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Municipalities are responsible for the drinking water in their area. They do this by collecting water samples and having them analyzed. Results are then compared to the Canadian drinking water quality guidelines from Health Canada to decide whether or not the water is safe to drink, or to swim in. ((CBC))

Just days before Canada and other nations observe World Water Day on March 22, 2009, Health Canada said it's commissioning a study to test drinking water from 60 different water treatment plants across the country.

The two-year study will look for the presence of disinfection byproducts, which are produced in the water treatment process, and traces of pharmaceuticals or components of plastics, which can migrate into drinking water from waste water. The disinfection byproducts are thought to raise the risk of cancer and other health problems. The results from the study are expected in 2011.

Karen Kun, co-founder of the water learning organization Waterlution, has told CBC News she's concerned about drug byproducts in municipal water supplies.

"What's happening is you've got these excellent municipal systems that know how to get out the traditional things people flush. But the concern is everything that goes into our bodies comes out, including pharmaceuticals," she said, with the biggest being estrogen from birth control pills.

"Research shows fish populations feminized. And then there are antidepressants and anti-anxiety drugs. Those three are the ones that come up in high quantities."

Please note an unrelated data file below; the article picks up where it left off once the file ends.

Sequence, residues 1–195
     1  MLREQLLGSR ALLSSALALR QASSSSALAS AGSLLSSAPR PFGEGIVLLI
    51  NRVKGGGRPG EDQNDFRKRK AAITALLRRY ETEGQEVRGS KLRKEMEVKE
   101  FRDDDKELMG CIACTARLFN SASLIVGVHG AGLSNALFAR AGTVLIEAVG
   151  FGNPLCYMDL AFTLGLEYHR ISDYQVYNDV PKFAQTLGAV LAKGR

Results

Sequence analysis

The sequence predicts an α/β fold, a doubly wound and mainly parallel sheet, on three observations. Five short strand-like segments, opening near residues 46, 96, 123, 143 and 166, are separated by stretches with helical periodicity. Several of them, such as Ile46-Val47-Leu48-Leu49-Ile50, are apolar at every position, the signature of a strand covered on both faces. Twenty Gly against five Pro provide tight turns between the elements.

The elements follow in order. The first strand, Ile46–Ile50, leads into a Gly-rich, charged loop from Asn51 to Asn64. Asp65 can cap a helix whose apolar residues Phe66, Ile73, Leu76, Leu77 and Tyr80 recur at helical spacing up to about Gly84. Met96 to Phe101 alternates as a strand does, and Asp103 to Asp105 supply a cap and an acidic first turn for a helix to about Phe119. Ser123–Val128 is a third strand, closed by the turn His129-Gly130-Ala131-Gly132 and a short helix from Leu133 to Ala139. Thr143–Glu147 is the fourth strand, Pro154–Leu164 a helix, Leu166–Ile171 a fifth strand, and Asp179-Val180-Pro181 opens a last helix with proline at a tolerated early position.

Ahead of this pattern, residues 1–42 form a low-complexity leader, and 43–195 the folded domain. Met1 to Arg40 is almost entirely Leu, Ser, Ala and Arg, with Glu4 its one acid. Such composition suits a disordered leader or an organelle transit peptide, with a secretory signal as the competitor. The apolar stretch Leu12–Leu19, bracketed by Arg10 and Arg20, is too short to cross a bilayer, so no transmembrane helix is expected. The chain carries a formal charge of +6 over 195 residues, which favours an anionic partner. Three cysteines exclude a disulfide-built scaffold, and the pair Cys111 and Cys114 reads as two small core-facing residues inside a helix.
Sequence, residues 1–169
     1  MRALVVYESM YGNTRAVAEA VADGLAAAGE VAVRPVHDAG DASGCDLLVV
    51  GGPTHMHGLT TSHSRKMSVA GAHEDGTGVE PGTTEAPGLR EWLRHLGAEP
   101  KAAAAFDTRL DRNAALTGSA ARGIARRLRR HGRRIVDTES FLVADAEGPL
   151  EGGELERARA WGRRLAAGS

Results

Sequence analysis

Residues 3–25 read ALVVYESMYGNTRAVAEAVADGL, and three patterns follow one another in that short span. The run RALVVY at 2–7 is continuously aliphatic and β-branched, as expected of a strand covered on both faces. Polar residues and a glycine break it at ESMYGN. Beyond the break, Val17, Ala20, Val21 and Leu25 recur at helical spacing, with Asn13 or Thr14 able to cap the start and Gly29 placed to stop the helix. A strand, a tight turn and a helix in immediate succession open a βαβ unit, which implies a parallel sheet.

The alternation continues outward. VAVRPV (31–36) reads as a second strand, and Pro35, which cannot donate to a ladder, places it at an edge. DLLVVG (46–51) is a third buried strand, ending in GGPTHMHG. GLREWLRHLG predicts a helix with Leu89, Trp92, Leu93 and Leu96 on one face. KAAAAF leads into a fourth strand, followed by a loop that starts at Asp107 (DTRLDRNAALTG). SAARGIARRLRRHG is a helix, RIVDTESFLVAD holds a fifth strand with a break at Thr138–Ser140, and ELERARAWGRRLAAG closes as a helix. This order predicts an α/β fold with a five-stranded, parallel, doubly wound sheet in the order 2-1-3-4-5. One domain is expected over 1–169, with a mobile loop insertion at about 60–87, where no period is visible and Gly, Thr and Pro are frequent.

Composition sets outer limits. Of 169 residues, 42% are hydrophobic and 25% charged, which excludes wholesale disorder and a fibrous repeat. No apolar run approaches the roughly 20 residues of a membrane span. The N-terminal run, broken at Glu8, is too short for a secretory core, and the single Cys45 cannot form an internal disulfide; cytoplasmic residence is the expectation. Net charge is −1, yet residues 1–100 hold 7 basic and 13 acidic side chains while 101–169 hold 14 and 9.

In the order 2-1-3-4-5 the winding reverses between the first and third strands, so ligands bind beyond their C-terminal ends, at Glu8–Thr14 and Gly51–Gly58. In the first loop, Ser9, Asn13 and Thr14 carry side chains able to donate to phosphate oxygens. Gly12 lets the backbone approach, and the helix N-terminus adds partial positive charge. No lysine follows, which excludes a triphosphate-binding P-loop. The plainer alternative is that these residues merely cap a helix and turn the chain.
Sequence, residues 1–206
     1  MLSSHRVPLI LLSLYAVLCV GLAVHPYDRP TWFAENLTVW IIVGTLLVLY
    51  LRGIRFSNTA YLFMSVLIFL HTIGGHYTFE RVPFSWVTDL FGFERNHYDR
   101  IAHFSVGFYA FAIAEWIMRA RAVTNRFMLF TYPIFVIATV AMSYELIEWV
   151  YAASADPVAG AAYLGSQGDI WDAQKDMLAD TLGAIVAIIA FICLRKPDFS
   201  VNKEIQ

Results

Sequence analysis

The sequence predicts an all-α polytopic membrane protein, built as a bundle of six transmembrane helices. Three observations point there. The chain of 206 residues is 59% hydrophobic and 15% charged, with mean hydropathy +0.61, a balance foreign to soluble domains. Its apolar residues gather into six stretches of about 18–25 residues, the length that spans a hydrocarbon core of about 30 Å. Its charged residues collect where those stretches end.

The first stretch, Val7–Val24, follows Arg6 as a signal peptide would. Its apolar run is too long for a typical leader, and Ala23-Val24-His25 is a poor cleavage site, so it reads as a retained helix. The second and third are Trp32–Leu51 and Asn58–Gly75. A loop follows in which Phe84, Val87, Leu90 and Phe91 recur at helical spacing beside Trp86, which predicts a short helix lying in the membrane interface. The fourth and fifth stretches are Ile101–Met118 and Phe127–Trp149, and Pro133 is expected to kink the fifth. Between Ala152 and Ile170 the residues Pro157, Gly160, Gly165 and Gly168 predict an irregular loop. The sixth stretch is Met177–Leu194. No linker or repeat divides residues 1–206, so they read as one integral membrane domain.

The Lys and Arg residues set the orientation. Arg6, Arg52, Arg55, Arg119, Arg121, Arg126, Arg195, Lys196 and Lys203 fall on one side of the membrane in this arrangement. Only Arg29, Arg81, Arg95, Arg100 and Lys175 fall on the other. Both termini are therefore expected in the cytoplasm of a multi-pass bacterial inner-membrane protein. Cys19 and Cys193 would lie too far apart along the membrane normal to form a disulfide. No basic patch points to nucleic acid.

What is good quality drinking water?

According to Environment Canada, good drinking water is free from disease-causing organisms, harmful chemical substances and radioactive matter. It tastes good and looks good — that means no bad odours or colour to the water.

Guidelines for Canadian drinking water quality specify limits for substances and describe conditions that affect drinking water quality.

How are the guidelines enforced?

Municipalities are responsible for the drinking water in their area. They are supposed to provide citizens with safe drinking water. It is also their responsibility to inform the public about pollution risks related to recreational use of water.

They do this by collecting water samples and having them analyzed. Results are then compared to the Canadian drinking water quality guidelines to decide whether or not the water is safe to drink, or to swim in.

What about bottled water? Is that safe?

Bottled water is regulated as a food product under the Food and Drugs Act.

Federal food inspectors regularly check the operations of bottled water companies to ensure compliance with the act. Some provincial and municipal agencies also keep tabs on bottled waters.

Manufacturers that are members of bottled water associations must follow additional specific requirements to ensure the quality of their products.

For example: members of the Canadian Bottled Water Association, CBWA, who produce about 85 per cent of the bottled water in Canada, are subject not only to federal and provincial regulations, but also to third-party inspections, water testing and analysis, and adherence to the CBWA Model Code.

For additional information on the standards required of CBWA members, contact:

Canadian Bottled Water Association 70 East Beaver Creek Road, Suite 203-1 Richmond Hill, Ont., L4B 3B2. Tel. (905) 886-6928. Fax (905) 886-9531. Email: ECGRISWOOD@aol.com

What about well-water?

The safety of well-water is the responsibility of the owner of the property where the well is located.

Ensure your well is properly constructed and located to prevent surface water from entering your water supply directly. Surface water is from lakes, rivers, streams, ponds and reservoirs.

Take samples:

  • From your house and cottage 3-4 times a season.
  • If your well has been flooded.
  • When your well is newly constructed, or has been renovated recently.

Sources: Environment Canada